This provided a great contrast to the original series. In the Lost Fleet, Black Jack Geary is from a time before the century-long war. He represents (and champions) ideals and beliefs that have been badly battered or cast aside under the pressures of decade after decade of war. One of his most important tasks is to remind the people of the Alliance what they once believed in, and why it is important to remember those things, such as that honor isn’t about how others treat them, but about how they treat others.
The characters in the Lost Stars (not just Iceni and Drakon, but also their closest assistants and allies) are completely different. They were never taught ideals. Having experienced the ugliness of the Syndicate system, they want to do things differently, but in order to survive have to often fall back on the only tools they know. And the citizens of the world they control are not willing to simply accept the same old rulers with new names. They want something different, too. Having started rebellion, Iceni and Drakon have to figure out how much voice in the government they can give “the people” while maintaining enough power for themselves. Aiding and complicating their tasks are their close assistants, some young and fiery with the idealism of youth and some worn-out and cynical from experience. Some of those assistants, steeped in the same Byzantine culture as their leaders, have their own, secret agendas.
Like the characters with Geary in the Lost Fleet, those in the Lost Stars are also afflicted with the physical and emotional scars of the war they, their parents, and their grandparents fought. They have seen countless friends and companions die, they have seen worlds battered to ruin, and they have done things that haunt their memories. The war may have officially ended, but it lives on in the impact it has had on vast numbers of people and in the instability the war left in its wake.
What this adds up to is that the Lost Stars and the Lost Fleet share a great deal, but are also very different. I make use of this by intertwining the storylines for both series. What happens in one has an impact on events in the other, and the characters interact at times. Among other things, this lets me show how those trained in the complex, treacherous Syndicate system view the actions of Black Jack. Geary is actually a pretty open and above-board kind of person, but to Drakon and Iceni this looks like just an act, as they try to spot the complicated plots that they are convinced must lie beneath the surface of what he says and does.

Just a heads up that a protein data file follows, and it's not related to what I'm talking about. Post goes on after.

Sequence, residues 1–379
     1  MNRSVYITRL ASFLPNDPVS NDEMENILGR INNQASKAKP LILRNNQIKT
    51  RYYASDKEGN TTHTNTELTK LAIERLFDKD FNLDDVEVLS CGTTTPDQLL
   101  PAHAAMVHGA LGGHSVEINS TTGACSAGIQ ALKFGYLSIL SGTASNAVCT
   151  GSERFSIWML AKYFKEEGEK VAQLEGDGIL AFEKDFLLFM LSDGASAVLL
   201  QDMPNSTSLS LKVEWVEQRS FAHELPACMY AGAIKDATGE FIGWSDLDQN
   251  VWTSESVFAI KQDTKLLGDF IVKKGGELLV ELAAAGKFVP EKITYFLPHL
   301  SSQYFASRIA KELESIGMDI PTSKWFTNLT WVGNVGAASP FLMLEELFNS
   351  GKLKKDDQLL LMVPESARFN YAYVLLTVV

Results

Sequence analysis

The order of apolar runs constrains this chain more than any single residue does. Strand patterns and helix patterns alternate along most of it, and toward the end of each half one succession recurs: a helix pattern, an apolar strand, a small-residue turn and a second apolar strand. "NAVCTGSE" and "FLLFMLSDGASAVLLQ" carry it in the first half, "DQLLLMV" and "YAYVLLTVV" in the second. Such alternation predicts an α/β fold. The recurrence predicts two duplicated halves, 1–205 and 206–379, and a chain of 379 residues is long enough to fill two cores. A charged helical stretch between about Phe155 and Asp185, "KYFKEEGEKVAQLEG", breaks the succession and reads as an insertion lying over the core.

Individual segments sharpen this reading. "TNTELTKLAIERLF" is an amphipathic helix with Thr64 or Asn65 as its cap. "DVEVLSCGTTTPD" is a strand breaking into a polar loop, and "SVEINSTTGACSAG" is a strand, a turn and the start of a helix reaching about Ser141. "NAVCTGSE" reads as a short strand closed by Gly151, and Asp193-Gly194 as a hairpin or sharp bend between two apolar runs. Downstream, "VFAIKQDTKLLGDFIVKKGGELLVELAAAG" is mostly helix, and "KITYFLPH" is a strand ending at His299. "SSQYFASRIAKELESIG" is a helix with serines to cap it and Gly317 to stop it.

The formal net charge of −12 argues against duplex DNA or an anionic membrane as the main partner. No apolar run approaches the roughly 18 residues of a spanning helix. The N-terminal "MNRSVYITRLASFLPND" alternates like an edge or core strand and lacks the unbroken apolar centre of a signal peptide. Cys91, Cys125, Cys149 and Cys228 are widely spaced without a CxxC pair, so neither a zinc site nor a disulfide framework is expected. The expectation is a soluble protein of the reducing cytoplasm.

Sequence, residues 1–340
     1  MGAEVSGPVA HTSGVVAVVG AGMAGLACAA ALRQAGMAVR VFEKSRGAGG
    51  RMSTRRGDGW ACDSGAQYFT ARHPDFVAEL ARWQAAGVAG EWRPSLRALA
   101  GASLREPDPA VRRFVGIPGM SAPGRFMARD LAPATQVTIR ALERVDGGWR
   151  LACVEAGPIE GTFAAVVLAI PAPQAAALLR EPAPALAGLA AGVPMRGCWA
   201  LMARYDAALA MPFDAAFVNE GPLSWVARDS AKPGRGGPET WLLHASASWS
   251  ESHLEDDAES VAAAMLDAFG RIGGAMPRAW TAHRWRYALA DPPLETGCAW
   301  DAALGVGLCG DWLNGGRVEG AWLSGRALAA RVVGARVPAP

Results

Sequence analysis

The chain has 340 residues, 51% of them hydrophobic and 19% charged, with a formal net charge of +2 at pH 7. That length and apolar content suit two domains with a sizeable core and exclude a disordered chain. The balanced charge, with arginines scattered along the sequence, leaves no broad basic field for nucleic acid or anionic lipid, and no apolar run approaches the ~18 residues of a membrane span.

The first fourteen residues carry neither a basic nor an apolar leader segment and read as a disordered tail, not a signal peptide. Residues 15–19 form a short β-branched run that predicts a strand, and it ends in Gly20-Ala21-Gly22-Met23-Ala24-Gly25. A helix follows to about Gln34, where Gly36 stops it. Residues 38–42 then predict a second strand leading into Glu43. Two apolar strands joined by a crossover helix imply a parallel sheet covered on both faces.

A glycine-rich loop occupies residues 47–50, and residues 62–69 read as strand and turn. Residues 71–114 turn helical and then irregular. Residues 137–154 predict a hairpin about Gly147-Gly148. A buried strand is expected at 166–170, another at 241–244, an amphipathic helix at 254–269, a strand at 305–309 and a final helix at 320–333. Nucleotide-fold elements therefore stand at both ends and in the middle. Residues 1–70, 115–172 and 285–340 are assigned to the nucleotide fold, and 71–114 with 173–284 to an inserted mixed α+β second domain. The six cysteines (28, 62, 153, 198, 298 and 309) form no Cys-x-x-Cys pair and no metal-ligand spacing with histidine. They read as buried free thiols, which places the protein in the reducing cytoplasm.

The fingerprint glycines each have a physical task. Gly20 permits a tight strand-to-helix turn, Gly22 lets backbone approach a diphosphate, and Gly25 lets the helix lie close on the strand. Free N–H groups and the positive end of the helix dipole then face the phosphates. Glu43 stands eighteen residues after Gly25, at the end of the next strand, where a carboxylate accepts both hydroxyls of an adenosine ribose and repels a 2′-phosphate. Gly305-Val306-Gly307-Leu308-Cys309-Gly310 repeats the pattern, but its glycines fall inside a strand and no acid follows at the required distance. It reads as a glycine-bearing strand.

Most importantly, the Lost Stars books like Perilous Shield are fun to write, and that carries over into the Lost Fleet books, keeping them fun to write as well. I’ve got lots of new people and tough situations to deal with, different leaders facing different challenges, and the question of whether the damage done to both the Alliance and the star systems of the Syndicate Worlds by a century of war can be countered by the efforts of very dissimilar people trying to create a better future for the people who depend upon them.
As well as, of course, the question of whether Iceni and Drakon can get past their mutual distrust, and survive battles and assassination attempts long enough, to develop the sort of personal relationship that could immeasurably strengthen their efforts to create an enduring legacy. If not, if their individual pasts and the plotting of others serves to keep Iceni’s and Drakon’s fears of each other always between them, Midway’s experiment with freedom might become only a brief moment of light, followed by lasting darkness.
The chance to tell that story is why I wrote Perilous Shield.